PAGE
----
At the beginning of the 6NR process, we challenged Parties to the Convention on Biological Diversity to double the number of maps used from your 5NR to your 6NR. Are you on track to meet this challenge? We have exciting news for you! Using the UN Biodiversity Lab, and the global datasets available within it, we created 18 draft biodiversity status maps for your country.
Date: May 03, 2017 at 1:30 PM GMT Register: https://attendee.gotowebinar.com/register/3724766445296304642 ABSTRACT: Over the last 4 years, World Resource Institute, a global research organization, and Vizzuality, a missio
A poster of the SDGs and Fiji's NBSAP.
Fiji’s first ever State of Birds 44 page report provides an overview of the issues facing Fiji’s birds and emphasises how useful birds are as flagships for other elements of biodiversity. The report has been prepared by NatureFiji (BirdLife in Fiji) -MareqetiViti with the assistance of the Department of the Environment and local ornithologists.
To download the publication, access the following link:
Established a community-based resource management programme for an isolated fishing community on Kia Island in the Northern Fiji sitting on the Great Sea Reef (GSR) of local, regional and global significance being the third largest reef system in the world. Having perceived the current state of poor management of the marine protected area by the people of Macuata province, Reef Rangers was developed to increase education and awareness on Kia and later to communities beyond.
Sisi Initiative Site Support Group manages natural resources around the periphery of the Natewa Tunuloa Important Bird Area. The organization has established a 600-hectare community protected forest and developed alternative livelihood options for the area’s indigenous landowners. Developed in response to illegal logging, forest fires, overgrazing, agricultural encroachment and invasive species, the organization uses an innovative incentive scheme to protect the globally important bird and wildlife species in Natewa Tunuloa.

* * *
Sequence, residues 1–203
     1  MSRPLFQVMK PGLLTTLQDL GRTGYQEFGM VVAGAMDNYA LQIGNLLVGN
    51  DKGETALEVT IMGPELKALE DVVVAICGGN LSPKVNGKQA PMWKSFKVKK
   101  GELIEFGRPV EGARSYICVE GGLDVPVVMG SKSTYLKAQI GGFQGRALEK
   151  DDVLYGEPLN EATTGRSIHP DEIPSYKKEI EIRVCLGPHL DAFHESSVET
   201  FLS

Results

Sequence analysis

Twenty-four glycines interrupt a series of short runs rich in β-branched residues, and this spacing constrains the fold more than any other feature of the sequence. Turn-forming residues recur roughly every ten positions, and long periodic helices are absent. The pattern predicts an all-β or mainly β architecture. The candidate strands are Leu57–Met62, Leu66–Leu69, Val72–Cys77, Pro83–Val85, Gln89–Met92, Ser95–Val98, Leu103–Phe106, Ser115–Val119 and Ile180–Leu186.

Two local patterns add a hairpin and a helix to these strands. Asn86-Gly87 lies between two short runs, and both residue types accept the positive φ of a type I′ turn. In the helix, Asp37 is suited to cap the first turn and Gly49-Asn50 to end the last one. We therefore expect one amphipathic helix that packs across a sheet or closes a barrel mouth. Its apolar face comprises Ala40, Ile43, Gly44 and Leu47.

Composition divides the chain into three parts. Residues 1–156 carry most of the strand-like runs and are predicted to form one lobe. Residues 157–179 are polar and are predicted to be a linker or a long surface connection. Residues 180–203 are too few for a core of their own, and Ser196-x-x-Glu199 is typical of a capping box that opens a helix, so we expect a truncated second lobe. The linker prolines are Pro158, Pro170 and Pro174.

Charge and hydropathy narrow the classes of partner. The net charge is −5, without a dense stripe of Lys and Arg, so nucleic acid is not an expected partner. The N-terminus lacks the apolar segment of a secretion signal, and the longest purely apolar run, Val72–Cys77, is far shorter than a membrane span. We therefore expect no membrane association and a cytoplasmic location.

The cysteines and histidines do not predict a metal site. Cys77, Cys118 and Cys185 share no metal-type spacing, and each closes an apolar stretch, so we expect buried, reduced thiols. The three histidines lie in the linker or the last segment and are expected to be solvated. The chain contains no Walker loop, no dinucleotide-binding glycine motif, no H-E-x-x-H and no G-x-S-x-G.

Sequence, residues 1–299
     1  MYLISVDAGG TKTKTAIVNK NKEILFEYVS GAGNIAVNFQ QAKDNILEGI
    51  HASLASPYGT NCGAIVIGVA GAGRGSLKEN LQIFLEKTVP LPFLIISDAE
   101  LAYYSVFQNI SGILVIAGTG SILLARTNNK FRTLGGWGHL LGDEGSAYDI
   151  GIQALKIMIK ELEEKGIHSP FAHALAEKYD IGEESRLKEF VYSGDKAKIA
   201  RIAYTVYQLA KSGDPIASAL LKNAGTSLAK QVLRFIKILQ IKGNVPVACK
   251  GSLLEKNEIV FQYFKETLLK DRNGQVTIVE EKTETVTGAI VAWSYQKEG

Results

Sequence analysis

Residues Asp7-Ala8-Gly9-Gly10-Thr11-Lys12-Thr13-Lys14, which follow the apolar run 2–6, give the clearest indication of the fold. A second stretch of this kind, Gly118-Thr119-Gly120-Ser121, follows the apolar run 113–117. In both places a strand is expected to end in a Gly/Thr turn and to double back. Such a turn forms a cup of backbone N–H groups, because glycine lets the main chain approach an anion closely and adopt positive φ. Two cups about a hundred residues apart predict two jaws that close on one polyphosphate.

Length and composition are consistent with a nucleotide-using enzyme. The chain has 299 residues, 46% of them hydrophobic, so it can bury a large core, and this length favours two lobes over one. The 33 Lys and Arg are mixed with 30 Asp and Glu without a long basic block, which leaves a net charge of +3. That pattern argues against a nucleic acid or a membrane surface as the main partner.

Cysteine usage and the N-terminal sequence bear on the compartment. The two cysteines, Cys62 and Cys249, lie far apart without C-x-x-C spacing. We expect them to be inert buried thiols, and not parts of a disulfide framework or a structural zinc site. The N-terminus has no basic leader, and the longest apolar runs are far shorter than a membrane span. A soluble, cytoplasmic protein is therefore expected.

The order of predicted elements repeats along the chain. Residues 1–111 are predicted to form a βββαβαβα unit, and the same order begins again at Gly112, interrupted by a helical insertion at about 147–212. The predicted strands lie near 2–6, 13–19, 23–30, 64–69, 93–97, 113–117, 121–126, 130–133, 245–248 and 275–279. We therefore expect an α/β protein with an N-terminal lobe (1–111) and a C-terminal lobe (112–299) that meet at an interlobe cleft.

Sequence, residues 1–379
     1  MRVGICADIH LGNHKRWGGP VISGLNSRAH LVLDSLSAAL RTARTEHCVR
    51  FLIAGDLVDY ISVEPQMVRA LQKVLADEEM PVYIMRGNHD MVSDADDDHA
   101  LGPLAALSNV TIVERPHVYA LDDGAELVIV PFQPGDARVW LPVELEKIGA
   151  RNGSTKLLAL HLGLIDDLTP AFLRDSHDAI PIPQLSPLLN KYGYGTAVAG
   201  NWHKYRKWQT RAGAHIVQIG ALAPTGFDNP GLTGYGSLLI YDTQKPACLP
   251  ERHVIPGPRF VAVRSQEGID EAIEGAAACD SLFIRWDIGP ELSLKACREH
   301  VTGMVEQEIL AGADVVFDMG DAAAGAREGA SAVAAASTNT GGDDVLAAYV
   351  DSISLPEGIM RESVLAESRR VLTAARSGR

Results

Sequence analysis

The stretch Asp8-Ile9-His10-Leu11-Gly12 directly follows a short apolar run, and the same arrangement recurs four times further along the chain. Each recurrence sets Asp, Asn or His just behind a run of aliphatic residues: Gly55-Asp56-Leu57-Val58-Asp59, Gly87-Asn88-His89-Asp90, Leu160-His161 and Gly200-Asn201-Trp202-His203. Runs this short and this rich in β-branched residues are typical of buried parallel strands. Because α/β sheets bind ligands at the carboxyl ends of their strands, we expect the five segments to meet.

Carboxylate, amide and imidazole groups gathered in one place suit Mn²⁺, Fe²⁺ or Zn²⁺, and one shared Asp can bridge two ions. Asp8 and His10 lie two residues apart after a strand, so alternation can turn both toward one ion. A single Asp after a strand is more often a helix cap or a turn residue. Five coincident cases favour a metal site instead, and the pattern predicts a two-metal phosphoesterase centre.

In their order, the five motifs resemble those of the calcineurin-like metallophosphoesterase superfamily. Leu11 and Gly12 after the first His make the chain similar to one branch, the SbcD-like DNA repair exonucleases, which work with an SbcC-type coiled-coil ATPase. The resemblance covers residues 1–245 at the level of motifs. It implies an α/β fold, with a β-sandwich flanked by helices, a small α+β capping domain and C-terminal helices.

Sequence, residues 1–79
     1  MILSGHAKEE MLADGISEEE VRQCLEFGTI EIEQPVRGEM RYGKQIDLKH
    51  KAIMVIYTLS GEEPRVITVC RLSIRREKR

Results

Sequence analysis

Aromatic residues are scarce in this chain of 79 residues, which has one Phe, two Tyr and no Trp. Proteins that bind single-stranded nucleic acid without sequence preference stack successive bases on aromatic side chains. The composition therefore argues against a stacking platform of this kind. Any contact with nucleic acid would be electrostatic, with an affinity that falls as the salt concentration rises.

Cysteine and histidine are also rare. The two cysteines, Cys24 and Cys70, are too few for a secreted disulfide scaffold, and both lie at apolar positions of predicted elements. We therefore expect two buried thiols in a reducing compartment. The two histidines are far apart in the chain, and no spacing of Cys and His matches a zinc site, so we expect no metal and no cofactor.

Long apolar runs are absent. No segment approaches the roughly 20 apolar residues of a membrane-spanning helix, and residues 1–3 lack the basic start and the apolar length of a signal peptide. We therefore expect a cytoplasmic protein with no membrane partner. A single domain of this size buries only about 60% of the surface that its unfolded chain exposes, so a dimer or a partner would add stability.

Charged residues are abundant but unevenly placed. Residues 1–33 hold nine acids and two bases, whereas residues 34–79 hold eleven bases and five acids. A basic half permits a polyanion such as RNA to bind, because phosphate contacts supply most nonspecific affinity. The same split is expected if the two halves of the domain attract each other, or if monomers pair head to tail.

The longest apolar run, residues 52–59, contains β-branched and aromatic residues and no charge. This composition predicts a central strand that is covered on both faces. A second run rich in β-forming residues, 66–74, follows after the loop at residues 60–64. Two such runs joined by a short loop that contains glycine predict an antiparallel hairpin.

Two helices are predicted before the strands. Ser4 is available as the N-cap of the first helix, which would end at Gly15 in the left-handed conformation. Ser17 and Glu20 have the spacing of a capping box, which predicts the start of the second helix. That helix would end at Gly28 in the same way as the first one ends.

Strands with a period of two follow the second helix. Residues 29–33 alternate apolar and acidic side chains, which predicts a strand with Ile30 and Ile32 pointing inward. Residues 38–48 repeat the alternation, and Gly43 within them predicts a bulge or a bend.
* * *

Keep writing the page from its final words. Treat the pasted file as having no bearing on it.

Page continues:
The community of Ucunivanua on the eastern coast of Fiji’s largest island was the site of the first locally managed marine area (LMMA) in Fiji in 1997. Scientists from the University of the South Pacific supported environmentalists and local villagers in declaring a ban on harvesting within a stretch of inshore waters for three years, building on the tradition of taboo prohibitions for certain species. After seven years of local management, the clam populations had rebounded and village incomes had risen significantly with increased harvests.